indefen indefensible for somebody to show up at a hearing and treat a man like that, but i think it adds to the momentum. it adds to the outrage and it adds to the case for action to be taken here. >> julian, you heard that father. wayne lapierre of the nra will be going to the white house, sorry, to the senate judiciary committee this week. what do you think of the reaction of these lobbyists to a father whose child has been murdered? >> well, leaving aside the fact that the hecklers have no idea what they're talking about in the sense that the second amendment in no way restricts the outlawing of assault weapons, this has to be a new low in the debate. the idea that you would desecrate the memory of the victims of newtown and insult their families. this shows just i think how extreme and outrageous the nra and i assume the hecklers were nra moles, how they've become. you consider that in the context of the other absurd statements they have made about martin luther king and the civil rights
movement going after the president's children. contrast that with what the president is doing which you mentioned in the setup piece, which is meeting with law enforcement, and if you take a look back at what happened in 1994, the principal strategy of those who wanted to pass the assault weapons ban was to get with law enforcement. if you were for common sense gun regulations you were for getting tough on crime. if you were against them, you were weak on crime. that got a number of votes from the republican party. the president clearly occupying the political center with law enforcement, parents, teachers, community leaders. the nra and some elements of the republican party associating themselves with people that would desecrate the memory of the victims in newtown, people that would then try to, as "the new york times" exposed yesterday, market assault weapons to 10-year-olds, i think the contrast becomes pretty clear and who occupies the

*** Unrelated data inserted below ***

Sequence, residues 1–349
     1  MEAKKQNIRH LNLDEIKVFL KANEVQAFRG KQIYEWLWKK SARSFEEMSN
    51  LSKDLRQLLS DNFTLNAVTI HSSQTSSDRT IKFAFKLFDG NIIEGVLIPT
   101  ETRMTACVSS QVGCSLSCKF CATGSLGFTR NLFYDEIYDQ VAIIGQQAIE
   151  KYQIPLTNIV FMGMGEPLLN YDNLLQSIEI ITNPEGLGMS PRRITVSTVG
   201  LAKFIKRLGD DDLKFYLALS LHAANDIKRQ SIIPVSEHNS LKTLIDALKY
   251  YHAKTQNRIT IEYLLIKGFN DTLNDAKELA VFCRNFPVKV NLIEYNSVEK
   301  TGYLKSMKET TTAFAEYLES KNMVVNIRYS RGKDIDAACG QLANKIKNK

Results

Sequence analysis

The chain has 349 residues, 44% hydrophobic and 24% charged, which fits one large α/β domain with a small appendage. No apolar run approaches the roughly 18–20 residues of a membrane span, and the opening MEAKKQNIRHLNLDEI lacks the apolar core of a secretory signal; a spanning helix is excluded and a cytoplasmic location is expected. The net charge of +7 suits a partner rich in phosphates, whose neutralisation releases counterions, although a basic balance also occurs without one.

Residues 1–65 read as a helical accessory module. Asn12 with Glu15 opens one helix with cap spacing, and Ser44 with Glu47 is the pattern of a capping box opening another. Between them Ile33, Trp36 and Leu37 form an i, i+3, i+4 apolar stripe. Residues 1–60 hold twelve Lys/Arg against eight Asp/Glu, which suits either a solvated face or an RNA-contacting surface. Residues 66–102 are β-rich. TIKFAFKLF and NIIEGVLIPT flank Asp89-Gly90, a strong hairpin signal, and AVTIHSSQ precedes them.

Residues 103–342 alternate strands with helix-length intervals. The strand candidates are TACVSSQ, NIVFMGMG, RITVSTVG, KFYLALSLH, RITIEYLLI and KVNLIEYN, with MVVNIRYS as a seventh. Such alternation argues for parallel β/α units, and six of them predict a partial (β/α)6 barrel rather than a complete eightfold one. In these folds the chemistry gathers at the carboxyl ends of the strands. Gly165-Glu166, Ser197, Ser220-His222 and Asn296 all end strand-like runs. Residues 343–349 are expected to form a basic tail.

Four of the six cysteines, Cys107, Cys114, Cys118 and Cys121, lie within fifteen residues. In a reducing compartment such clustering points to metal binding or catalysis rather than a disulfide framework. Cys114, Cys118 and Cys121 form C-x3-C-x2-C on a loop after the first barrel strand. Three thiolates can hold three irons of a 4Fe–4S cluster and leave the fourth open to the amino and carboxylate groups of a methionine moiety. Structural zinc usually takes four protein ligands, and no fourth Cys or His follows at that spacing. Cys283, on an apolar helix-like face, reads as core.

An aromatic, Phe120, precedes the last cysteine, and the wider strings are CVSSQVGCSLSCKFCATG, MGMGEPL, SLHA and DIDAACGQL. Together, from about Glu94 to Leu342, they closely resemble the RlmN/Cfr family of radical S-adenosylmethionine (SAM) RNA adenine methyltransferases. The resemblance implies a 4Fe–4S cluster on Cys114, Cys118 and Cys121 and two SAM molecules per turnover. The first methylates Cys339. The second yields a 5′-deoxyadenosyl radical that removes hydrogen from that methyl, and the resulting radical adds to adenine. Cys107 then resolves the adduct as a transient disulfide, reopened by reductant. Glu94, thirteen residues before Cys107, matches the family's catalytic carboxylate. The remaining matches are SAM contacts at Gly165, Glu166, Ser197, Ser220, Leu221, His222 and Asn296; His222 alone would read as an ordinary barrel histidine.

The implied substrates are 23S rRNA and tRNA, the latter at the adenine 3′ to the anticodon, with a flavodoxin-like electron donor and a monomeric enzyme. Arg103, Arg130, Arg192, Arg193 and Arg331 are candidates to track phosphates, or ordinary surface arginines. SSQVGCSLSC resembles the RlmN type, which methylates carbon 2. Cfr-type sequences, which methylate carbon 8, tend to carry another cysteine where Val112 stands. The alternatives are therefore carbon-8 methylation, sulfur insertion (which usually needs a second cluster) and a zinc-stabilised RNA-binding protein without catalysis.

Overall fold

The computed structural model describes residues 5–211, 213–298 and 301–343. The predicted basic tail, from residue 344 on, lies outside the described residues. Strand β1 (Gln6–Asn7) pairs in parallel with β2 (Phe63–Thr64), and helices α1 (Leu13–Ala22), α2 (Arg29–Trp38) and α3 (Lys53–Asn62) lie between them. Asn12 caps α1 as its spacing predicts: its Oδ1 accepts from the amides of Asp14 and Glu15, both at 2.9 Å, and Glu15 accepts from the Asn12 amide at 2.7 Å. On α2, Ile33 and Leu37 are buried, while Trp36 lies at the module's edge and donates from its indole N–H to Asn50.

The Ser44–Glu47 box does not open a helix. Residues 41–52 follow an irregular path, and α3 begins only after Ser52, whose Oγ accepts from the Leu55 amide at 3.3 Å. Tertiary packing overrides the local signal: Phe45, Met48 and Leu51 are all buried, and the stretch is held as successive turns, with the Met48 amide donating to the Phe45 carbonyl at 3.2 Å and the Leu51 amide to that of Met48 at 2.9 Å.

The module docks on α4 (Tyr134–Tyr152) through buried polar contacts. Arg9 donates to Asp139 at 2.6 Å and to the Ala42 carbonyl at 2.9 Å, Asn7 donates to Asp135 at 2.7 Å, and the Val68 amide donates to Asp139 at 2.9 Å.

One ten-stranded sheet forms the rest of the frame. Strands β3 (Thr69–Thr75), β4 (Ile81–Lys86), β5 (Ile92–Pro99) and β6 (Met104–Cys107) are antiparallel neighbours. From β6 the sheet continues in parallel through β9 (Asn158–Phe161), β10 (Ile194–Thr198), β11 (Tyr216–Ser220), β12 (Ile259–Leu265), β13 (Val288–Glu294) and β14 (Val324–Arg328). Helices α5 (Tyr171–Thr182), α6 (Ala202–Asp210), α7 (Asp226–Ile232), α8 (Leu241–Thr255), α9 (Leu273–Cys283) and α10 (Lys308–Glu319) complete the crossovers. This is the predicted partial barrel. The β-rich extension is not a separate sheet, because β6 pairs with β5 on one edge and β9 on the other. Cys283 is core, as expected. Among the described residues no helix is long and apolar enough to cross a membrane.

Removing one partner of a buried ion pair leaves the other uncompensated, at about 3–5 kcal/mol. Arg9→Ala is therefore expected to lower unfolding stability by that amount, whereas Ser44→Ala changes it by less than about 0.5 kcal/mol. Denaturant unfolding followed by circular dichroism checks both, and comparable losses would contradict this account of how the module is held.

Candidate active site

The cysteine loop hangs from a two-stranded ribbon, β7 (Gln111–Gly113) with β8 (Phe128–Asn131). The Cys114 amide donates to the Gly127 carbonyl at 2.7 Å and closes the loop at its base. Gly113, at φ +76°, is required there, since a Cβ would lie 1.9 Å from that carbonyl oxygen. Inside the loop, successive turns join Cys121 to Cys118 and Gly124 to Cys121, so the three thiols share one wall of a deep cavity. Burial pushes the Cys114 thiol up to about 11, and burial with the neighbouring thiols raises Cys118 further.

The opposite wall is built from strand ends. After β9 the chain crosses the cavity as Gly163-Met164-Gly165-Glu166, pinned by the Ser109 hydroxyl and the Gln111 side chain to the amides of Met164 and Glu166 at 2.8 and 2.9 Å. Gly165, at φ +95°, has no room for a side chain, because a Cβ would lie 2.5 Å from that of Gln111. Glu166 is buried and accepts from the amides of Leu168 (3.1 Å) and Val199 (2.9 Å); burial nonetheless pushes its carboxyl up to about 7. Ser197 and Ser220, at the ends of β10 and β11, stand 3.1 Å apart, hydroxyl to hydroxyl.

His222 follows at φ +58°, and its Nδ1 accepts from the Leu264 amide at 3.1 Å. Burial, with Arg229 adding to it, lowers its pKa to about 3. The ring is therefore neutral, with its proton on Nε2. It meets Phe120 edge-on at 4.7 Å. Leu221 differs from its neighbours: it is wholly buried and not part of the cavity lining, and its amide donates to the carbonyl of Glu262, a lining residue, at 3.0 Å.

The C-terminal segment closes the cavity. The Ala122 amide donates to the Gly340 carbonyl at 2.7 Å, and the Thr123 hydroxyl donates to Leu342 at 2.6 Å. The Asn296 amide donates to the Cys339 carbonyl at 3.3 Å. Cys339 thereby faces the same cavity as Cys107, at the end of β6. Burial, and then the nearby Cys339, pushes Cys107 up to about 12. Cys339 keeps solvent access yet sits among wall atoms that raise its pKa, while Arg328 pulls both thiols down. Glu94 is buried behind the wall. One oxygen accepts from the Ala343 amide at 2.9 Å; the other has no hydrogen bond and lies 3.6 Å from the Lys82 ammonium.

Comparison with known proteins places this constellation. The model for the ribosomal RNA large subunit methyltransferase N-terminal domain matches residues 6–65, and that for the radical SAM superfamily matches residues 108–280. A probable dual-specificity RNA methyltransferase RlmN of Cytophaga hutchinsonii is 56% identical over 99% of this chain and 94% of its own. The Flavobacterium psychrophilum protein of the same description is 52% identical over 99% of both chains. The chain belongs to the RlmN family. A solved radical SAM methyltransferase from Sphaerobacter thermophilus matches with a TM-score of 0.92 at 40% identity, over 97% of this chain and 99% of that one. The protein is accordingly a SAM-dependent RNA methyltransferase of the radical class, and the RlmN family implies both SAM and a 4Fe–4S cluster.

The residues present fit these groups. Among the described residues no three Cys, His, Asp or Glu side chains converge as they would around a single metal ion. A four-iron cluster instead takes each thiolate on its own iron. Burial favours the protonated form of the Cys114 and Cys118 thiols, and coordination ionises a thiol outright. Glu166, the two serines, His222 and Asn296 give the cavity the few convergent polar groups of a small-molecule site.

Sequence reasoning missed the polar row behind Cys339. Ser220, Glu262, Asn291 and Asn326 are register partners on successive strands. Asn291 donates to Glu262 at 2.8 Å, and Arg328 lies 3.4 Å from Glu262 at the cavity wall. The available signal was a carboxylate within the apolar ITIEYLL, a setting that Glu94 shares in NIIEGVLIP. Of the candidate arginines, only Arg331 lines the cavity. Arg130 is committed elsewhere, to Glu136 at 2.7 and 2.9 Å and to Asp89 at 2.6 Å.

political center is pretty clear. >> i guess when the gun lobby isn't shouting at the parents of dead children, they're busy trying to get kids to take up guns themselves. according to one horrifying piece, gun companies spent $21 million just in 2010 alone on recruiting more junior shooters as they're called, and that's twice as much as they spent in the five years before. what's going on? >> well, we have to think about -- this is a business, right? and this is a business that needs to create -- >> this is a big business, steve. >> it ties in with what the nra actually is. if you're a gun manufacturer, obviously you need to be thinking long term. decades and generationally. you need to be cultivating young consumers now. it's the association of firearm owners, but what it really represents is firearm manufacturers and those who sell firearms. there's this alliance that's building where let's try to create new customers for the future, and then let's defend our interest as business and
let's couch this all in terms of we're here to defend the second amendment rights of everyday americans but that's not really what is going on. it's a business relationship. >> julian, i'm not sure what the most disgusting detail in that "new york times" article was, but it may be this quote from andy fink who is the editor of junior shooters magazine. he says that semi-automatic firearms are not weapons. they're a tool not any different than a car or a baseball bat. now, julian, i have to put it to you. can you show me a baseball bat that can kill 20 people in a few seconds? >> we've made that point. there's nothing else out there that has the capacity to create these kind of massacres in a matter of seconds as does assault weapons. let me say also before going on on this, just remind your viewers, since newtown, there have been 1,300 gun related homicides. so the idea that this is not an